Who is Actually Harmed by Predatory Publishers?

Authors: Martin Paul Eve and Ernesto Priego

Abstract: ‘Predatory publishing’ refers to conditions under which gold open access academ-ic publishers claim to conduct peer review and charge for their publishing services but do not, in fact, actually perform such reviews. Most prominently exposed in recent years by Jeffrey Beall, the phenomenon garners much media attention. In this article, we acknowledge that such practices are deceptive but then examine, across a variety of stakeholder groups, what the harm is from such actions to each group of actors. We find that established publishers have a strong motivation to hype claims of predation as damaging to the scholarly and scien-tific endeavour while noting that, in fact, systems of peer review are themselves already acknowledged as deeply flawed.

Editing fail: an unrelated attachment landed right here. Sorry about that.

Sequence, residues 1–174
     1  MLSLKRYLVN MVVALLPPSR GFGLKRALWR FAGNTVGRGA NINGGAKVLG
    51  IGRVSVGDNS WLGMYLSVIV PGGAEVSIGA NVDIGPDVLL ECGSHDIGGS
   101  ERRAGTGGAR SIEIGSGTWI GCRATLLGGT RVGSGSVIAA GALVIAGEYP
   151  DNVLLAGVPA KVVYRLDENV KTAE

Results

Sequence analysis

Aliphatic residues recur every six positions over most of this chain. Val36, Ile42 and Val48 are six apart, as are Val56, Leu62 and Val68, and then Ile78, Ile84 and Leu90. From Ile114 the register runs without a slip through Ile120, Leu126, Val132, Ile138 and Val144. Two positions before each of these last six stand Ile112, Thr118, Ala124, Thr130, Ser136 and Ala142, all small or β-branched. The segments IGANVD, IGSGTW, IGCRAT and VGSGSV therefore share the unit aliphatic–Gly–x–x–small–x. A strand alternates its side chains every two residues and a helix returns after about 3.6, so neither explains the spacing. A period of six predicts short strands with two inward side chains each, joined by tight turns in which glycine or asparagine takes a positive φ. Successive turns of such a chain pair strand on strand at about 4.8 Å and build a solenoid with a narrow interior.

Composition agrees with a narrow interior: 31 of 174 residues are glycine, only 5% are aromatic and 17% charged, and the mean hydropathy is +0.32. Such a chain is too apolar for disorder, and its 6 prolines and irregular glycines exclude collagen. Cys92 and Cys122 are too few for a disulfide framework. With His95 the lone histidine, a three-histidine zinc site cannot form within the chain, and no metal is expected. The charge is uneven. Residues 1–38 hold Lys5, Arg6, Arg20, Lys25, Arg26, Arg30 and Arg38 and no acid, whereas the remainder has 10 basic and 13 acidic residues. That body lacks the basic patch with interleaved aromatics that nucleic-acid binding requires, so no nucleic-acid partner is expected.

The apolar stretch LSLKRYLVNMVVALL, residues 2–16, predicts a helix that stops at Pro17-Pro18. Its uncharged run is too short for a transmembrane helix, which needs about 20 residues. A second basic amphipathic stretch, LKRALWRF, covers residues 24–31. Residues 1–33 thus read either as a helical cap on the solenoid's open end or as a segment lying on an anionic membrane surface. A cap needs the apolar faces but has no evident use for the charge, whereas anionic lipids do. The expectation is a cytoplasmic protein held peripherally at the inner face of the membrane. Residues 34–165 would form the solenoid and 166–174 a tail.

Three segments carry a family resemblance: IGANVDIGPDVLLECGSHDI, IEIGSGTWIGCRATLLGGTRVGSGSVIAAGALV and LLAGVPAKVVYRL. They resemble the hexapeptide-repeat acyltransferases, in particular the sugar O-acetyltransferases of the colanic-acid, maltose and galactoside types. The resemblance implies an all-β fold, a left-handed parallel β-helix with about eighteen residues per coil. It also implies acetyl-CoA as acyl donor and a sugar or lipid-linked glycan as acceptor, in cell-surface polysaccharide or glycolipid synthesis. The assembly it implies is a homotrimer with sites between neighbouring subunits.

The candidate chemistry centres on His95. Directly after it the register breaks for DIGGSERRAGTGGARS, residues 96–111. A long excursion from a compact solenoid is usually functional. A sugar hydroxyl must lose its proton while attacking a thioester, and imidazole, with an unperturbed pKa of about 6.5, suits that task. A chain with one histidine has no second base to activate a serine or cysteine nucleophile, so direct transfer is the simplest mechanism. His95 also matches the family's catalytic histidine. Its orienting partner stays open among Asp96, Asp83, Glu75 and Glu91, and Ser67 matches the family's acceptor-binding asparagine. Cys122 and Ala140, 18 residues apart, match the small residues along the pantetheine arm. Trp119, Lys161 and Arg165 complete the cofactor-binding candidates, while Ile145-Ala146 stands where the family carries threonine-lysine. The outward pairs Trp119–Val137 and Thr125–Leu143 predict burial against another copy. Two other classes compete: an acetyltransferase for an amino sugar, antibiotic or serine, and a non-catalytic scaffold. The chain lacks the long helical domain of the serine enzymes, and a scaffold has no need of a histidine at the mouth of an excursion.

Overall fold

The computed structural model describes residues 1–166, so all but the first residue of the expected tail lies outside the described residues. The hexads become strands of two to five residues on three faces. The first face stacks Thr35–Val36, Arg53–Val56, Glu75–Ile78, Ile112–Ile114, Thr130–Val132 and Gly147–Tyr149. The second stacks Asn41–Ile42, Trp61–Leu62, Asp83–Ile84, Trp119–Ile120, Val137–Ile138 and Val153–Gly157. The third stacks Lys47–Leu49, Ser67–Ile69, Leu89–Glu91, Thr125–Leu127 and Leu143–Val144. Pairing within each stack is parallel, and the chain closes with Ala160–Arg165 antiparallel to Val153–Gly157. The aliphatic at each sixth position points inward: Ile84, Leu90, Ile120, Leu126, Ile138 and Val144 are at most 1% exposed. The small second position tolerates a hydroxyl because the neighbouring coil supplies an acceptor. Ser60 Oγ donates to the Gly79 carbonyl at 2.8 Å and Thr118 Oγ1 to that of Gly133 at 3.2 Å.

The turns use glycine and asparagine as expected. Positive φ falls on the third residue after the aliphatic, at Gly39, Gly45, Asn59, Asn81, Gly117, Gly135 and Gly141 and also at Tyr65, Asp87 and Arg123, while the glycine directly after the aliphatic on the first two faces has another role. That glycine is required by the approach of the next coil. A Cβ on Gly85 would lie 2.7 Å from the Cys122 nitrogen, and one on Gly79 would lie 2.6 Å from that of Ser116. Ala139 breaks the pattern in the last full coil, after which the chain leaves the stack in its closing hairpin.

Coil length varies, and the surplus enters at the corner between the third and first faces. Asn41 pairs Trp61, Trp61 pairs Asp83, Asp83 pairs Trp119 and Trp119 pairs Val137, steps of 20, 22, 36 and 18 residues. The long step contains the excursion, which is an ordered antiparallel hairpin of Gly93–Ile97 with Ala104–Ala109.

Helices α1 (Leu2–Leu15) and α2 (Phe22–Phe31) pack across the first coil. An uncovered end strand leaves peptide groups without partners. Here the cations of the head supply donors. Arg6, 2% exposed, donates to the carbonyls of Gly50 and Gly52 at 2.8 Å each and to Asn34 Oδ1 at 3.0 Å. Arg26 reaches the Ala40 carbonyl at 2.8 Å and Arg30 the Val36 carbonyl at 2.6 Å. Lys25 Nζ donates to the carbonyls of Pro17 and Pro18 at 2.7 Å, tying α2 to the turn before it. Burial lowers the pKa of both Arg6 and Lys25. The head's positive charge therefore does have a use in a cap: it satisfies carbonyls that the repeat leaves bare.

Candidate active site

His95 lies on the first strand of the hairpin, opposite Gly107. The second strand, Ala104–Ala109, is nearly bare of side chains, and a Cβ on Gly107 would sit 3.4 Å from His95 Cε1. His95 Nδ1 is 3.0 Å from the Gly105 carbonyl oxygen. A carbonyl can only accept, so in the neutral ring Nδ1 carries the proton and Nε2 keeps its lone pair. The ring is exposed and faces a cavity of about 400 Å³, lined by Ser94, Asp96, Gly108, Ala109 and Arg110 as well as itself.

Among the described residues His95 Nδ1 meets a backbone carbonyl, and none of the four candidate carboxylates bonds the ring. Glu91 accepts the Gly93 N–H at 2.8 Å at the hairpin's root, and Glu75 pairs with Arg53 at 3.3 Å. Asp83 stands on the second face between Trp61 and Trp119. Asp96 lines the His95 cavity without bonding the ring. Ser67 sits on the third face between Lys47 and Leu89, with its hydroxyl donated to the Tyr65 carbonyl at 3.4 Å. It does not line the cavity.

Citation: Eve, M.P., & Priego, E. (2017). Who is Actually Harmed by Predatory Publishers?. TripleC,  15(2), 755-770 . http://www.triple-c.at/index.php/tripleC/article/view/867/1041

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Institutional Repositories and Academic Social Networks: Competition or Complement? A Study of Open Access Policy Compliance vs. ResearchGate Participation

Authors: Julia A. Lovett, Andrée J Rathemacher, Diana Boukari, and Corey Lang

Abstract: The popularity of academic social networks like ResearchGate and Academia.edu indicates that scholars want to share their work, yet for universities with Open Access (OA) policies, these sites may be competing with institutional repositories (IRs) for content. This article seeks to reveal researcher practices, attitudes, and motivations around uploading their work to ResearchGate and complying with an institutional OA Policy through a study of faculty at the University of Rhode Island (URI).